The Department of Science and Technology (DOST) urged Saturday, May 22, those Filipino scientists who were trained abroad to come back and work with the agency, citing that its Balik Scientist Program (BSP) “is more than prepared” to assist them.
DOST Secretary Fortunato “Boy” T. de la Peña said the BSP, which started in 1975, aims to strengthen the science and technology (S&T) human resources of the academe, public and private institutions to promote knowledge sharing and to accelerate the flow of new technologies into the country.
“The DOST Balik Scientist Program is more than prepared to support more Balik Scientists this year and in the coming years,” he said in his opening message during the “Energy Sustainable Development: Breakthroughs, Application, and Safe use of Renewable Energy” webinar jointly organized by the BSP and Philippine Institute of Chemical Engineers – Bataan Chapter (PIChE-BC) on Saturday.
“We are hopeful that this event would serve as a platform to inspire and encourage aspiring Balik Scientists to come and work with us even for a short period of time in service of our fellowmen. Ika nga nila, Balik Scientists, Balik Puso, Balik Pilipinas,”
He recalled that the BSP was stopped for a while, but it was revived in 1990. “It was only in 2018, through the efforts of our legislators from Congress and the Senate, that the program was institutionalized when President Rodrigo Duterte signed RA (Republic Act) 11035 or the Balik Scientist Act, providing more competitive benefits, incentives and privileges to the Balik Scientists.”
De la Peña commended the contributions of Balik Scientists in the development of the Industry, Energy and Emerging Technology Research and Development sectors.
“Several Balik Scientists have been able to support universities in developing and harnessing researches on energy. Some have helped develop household and community-based biogas digesters and solar PV (photovoltaic) systems. Other Balik Scientists shared their know-how in developing energy efficient and environment-friendly cookstoves while some assisted in the area of micro-hydro systems,” he said.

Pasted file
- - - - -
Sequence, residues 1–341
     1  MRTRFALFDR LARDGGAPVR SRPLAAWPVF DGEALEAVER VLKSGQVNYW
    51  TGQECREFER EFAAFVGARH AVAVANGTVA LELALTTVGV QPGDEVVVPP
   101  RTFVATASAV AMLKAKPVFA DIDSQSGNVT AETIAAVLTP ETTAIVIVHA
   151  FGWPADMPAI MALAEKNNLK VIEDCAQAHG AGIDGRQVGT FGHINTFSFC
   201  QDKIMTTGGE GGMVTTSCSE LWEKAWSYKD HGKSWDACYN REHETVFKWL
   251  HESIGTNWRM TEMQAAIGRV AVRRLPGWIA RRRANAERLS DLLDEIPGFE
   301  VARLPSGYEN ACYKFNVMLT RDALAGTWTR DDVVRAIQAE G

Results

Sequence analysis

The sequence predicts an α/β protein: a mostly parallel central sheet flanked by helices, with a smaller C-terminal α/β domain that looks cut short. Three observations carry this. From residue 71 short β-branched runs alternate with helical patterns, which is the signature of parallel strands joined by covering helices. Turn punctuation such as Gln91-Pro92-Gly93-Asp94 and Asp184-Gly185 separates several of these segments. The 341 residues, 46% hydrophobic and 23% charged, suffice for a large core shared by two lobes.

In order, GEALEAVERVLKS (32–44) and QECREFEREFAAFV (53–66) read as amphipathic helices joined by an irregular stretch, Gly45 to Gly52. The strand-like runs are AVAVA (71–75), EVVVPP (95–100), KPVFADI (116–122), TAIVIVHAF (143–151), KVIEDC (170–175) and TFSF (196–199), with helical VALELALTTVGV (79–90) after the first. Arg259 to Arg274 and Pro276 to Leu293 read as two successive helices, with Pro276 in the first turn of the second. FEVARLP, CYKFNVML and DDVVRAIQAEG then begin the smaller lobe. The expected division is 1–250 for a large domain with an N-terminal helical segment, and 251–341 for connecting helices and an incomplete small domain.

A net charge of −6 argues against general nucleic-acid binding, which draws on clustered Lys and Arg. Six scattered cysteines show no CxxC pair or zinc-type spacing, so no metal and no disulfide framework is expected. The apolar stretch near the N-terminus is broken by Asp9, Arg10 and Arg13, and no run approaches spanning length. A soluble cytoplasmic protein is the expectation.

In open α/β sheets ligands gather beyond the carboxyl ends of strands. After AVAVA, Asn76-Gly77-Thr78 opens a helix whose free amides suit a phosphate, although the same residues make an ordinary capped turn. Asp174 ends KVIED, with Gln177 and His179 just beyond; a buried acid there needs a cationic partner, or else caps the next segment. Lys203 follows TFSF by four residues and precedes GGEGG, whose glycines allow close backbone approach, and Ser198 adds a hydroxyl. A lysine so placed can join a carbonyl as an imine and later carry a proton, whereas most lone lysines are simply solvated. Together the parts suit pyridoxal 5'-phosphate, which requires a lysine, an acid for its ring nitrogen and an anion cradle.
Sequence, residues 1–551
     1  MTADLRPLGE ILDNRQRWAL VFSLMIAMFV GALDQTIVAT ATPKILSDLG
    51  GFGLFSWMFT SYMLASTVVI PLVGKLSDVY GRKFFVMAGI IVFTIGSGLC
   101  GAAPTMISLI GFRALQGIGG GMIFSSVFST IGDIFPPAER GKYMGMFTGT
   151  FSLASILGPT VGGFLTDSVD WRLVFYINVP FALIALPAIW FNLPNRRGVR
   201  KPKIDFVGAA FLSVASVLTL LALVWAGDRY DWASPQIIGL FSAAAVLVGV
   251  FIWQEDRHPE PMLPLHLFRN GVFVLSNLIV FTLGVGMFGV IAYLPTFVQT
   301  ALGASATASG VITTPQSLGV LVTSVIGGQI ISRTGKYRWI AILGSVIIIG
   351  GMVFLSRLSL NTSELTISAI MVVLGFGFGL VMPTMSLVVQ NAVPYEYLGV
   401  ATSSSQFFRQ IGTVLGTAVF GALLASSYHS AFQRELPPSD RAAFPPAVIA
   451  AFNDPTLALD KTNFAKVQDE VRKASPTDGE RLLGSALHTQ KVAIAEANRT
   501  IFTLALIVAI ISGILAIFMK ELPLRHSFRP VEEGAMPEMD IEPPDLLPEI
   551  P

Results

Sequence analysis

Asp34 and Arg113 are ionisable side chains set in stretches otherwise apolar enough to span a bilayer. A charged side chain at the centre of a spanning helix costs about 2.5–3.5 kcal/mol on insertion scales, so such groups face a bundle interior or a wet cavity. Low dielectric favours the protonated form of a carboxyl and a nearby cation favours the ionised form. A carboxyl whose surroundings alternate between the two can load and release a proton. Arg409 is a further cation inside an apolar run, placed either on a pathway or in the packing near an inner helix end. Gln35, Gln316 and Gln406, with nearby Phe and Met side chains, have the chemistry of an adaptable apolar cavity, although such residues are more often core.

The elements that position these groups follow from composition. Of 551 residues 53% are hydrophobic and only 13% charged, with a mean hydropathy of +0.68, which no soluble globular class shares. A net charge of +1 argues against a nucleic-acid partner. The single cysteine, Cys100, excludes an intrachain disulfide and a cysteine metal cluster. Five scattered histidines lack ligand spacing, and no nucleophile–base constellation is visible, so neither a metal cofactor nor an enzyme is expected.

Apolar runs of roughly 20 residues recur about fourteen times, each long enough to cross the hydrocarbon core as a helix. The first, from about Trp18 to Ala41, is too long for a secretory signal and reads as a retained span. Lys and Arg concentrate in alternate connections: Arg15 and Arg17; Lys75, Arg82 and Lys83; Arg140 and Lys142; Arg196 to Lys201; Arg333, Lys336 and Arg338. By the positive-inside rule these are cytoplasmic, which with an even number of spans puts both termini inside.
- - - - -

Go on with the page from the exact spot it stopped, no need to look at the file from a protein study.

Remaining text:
“There were also those who have brought in knowledge and skills in developing Science and Technology Parks which included provisions of a sociotechnical design in community-scale energy sufficiency and energy transition technologies and systems.”
Undersecretary for Research and Development Rowena Cristina L. Guevara said the Balik Scientist Program is the agency’s flagship program to reverse the incidence of brain drain in the country.
The program is complemented by the S&T infrastructure and S&T Human Resource Development (HRD) that DOST has been building for the last 10 years, she noted.
She recalled that in 2019, just a few months after the enactment of RA No. 11035 or the Balik Scientist Act, the program has engaged 57 Balik Scientists, representing 10 percent of the total number of Balik Scientist from 1975 to 2019.
“The year 2020 was challenging yet an extraordinary year for the Balik Scientist Program. Despite the enormous pressure brought about by the pandemic, we were able to engage 34 Balik Scientist who, in turn, introduced a total of 106 technologies, assisted in 140 projects, conducted 170 trainings/seminars/forums and trained more or less around 7,000 people,” Guevara noted.
“It is our hope that amidst this pandemic,the program will continue to engage more Balik Scientists who will be more than willing to work with us in paving the road for our socio-economic development.”